Timepieces have long been used as diplomatic gifts, often serving as cultural symbols of peace offerings, gratitude or friendship. The earliest diplomatic relations with China date to the reign of Louis IX (1214-1270) when he sent an ambassador to meet with Möngke, the fourth Great Khan of the Mongol Empire. The 13-14th century saw the first introduction of Western timekeepers to the Far East through Latin missionaries, and Portuguese traders were quick to establish trade for such object. Fascination with mechanical timepieces grew and by the 17-18th century Emperor Kangxi (1654-1722) had established an underground horological workshop in his palace manned with craftsman from around the world.
During the 18th century the English made significant efforts to expand their trade through China. London clock-makers played a prominent role in the popularity of ‘Curiosities’ so admired by the Chinese. Contrary to what one might think, these watches did not adopt forms from their intended home. Chinese taste showed a preference for fantastical forms, arabesque floral arrangements with colourful gem set borders.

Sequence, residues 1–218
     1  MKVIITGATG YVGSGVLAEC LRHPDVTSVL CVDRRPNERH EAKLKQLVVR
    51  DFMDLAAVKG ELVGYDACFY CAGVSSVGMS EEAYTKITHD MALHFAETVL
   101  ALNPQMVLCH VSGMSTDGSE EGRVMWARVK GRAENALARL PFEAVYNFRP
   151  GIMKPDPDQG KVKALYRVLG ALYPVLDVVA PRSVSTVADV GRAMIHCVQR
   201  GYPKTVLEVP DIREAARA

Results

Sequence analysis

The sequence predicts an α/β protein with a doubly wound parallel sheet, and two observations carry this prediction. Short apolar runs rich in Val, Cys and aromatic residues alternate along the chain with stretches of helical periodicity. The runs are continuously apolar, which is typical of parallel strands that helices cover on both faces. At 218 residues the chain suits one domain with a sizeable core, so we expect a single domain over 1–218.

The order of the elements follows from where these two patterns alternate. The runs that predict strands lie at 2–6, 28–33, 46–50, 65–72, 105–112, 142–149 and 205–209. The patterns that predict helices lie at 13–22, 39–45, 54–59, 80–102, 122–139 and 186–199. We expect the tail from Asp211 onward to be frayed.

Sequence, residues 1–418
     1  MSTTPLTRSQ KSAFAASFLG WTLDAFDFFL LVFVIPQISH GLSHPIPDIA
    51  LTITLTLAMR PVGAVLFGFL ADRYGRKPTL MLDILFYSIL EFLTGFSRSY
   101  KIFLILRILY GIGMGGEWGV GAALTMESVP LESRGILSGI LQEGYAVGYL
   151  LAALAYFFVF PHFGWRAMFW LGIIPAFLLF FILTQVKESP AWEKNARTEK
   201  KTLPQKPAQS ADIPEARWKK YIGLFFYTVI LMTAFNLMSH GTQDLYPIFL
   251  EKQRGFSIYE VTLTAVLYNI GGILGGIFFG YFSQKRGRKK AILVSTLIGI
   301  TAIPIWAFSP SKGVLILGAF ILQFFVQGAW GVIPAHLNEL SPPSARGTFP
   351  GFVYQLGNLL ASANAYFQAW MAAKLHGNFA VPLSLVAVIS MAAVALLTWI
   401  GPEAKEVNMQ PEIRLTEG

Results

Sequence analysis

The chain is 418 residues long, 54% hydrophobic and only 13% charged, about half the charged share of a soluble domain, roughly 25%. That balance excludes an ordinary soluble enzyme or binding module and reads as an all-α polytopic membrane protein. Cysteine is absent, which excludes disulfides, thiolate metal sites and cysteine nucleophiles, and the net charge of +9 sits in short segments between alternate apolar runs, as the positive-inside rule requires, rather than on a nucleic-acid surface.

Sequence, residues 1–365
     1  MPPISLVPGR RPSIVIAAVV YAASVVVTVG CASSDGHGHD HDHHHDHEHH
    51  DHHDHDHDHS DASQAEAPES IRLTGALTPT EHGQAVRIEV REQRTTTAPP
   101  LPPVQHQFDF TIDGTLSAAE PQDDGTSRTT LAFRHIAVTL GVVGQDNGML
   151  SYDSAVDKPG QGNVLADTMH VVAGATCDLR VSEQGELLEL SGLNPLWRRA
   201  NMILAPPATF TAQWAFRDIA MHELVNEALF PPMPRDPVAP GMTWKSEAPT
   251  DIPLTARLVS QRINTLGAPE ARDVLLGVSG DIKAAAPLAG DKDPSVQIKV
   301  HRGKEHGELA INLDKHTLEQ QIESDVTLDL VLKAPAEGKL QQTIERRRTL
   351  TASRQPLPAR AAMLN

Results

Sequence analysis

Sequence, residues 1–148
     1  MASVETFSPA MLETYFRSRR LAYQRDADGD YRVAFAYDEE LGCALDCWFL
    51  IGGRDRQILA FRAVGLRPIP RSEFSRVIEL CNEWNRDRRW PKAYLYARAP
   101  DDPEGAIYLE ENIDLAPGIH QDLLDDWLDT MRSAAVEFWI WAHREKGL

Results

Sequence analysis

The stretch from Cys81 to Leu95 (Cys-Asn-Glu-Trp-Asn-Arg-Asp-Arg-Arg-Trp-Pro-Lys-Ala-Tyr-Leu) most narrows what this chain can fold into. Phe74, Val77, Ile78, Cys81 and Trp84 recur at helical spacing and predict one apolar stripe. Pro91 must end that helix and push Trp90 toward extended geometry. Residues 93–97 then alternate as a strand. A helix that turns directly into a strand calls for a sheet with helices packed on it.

This watch is an excellent example of watches produced in London for trade to the Far East, particularly China. The watch, made by Francis Perigal, features several fantastical beasts depicted in colourful gems set atop a background of a bloodstone case. The Perigals were a family of celebrated horologists from which three firms originated. Francis Perigal, the founder, was established from 1740 at the Royal Exchange, where he was succeeded by his son and grandson. Another Francis (1770-94), who was watchmaker to the king, settled in New Bond Street and was succeeded by Perigal & Duterran, 'Watchmakers to His Majesty,' from 1810 to 1840.
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